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The real beauty of why the 529 plan has surged in popularity comes down to its many tangential benefits. In addition to just being able to help pay a tuition bill, you can use it in a variety of ways.
As we said in the opening, qualified withdrawals can be made tax-free and investment gains/dividends are allowed to compound tax-deferred.
But there is an added tax benefit. Over 30 states currently offer a full or partial tax deduction or credit for 529 plan contributions. By contributing to a plan – typically, your own state’s plan – savers can reduce what they owe each year in state taxes. And, in some states, the reduction is significant, often dollar for dollar. Moreover, recent changes have allowed parents to use the 529 plan for kindergarten through 12th-grade tuition at private schools – up to $10,000 per year.
Check out our state plans section here to learn more about the rules and regulations pertaining to each U.S. state.
One of the chief benefits of the 529 plan comes down to the fact that the donor/account owner controls the assets. Because of this, account owners are allowed to switch beneficiaries of the plan at will. For example, if you’re saving for child A and they decide not to go to college or there’s left over money in the account after paying for school expenses, you can change the remainder to child B or even yourself.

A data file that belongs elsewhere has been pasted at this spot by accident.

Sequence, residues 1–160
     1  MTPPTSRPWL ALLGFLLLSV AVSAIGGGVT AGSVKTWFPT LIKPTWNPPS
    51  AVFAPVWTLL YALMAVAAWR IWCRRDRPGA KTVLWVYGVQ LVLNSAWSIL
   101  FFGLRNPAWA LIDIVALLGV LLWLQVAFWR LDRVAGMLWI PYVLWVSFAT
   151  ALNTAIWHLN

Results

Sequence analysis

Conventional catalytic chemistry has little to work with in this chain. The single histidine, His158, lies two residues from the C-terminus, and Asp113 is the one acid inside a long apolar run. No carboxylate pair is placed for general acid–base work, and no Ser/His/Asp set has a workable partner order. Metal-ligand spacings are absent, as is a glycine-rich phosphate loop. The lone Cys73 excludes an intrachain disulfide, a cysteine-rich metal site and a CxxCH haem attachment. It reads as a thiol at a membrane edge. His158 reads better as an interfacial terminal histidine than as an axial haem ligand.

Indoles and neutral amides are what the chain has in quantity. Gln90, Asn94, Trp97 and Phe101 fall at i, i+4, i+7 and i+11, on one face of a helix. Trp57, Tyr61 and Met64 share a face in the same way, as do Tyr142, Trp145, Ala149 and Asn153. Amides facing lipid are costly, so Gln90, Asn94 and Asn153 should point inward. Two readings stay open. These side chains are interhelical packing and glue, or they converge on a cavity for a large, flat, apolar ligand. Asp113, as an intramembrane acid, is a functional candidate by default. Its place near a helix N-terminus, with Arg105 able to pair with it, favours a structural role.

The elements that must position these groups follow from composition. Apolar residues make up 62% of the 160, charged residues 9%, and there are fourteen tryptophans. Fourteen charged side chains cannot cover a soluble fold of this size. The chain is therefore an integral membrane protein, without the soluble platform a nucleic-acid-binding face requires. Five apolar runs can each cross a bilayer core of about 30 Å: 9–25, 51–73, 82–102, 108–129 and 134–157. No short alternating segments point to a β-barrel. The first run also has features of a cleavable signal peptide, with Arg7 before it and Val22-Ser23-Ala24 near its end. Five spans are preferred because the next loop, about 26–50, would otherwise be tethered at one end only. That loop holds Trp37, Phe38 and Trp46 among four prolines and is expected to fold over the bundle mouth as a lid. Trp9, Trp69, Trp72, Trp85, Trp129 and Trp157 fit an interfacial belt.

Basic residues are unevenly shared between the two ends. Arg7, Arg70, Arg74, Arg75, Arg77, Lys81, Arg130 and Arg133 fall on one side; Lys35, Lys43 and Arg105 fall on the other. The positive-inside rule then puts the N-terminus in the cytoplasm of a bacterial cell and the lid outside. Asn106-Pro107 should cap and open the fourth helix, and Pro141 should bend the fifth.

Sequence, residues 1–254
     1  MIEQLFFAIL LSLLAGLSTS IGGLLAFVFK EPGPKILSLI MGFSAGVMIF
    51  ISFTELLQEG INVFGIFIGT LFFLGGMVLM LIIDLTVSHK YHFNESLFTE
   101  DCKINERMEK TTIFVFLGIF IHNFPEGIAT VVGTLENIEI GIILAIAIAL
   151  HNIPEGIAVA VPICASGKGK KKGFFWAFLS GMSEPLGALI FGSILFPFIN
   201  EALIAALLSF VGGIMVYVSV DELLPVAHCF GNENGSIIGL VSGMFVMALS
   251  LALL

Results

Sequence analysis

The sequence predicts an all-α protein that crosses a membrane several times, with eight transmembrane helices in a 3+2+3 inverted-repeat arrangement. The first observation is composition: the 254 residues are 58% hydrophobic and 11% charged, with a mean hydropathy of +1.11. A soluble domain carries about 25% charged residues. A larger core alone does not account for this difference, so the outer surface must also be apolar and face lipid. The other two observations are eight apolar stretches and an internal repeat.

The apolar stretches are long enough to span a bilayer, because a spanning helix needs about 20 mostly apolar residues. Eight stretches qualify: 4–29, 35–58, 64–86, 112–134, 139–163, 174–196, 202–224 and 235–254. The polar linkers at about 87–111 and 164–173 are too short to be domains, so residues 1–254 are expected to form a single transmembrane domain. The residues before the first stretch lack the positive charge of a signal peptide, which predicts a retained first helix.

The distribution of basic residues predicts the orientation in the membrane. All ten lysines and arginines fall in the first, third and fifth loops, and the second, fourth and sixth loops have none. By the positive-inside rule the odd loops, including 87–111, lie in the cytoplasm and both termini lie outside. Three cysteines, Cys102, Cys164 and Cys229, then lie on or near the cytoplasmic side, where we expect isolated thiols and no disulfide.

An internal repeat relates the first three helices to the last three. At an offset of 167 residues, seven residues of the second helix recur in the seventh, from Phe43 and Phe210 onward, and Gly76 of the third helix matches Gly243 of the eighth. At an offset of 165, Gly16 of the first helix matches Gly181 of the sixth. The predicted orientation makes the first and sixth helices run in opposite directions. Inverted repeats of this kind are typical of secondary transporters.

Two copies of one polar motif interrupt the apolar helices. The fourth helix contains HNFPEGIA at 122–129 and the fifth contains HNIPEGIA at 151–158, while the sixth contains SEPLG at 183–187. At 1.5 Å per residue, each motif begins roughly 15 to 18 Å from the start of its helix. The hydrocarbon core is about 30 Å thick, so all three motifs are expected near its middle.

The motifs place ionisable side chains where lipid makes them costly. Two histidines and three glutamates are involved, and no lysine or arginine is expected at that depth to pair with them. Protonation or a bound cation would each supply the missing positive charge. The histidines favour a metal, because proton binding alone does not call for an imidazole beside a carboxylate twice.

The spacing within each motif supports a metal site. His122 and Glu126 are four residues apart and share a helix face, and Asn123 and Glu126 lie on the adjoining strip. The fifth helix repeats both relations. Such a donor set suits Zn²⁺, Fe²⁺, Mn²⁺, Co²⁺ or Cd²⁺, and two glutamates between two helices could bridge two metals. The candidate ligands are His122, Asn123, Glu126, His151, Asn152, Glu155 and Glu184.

Secondly, because the owner is in control of the assets, they get to make the decisions on ultimately what to do with those funds. If you really want to buy a boat and raid your grandson’s college fund, you’re free to do so. Although we wouldn’t recommend that as non-qualified withdrawals will incur income tax and an additional 10% penalty tax.
This flexibility and ability to switch beneficiaries play into another major benefit of the 529 plan with regards to estate planning. Contributions to a 529 plan are considered “completed gifts” that remove assets from a taxable estate. Thanks to a provision in the tax code, savers are able to contribute five times the annual gift tax exclusion – $150,000 for couples filing jointly, $75,000 for an individual – per beneficiary. While you should consult your own tax advisor, this huge sum can significantly reduce your taxable estate.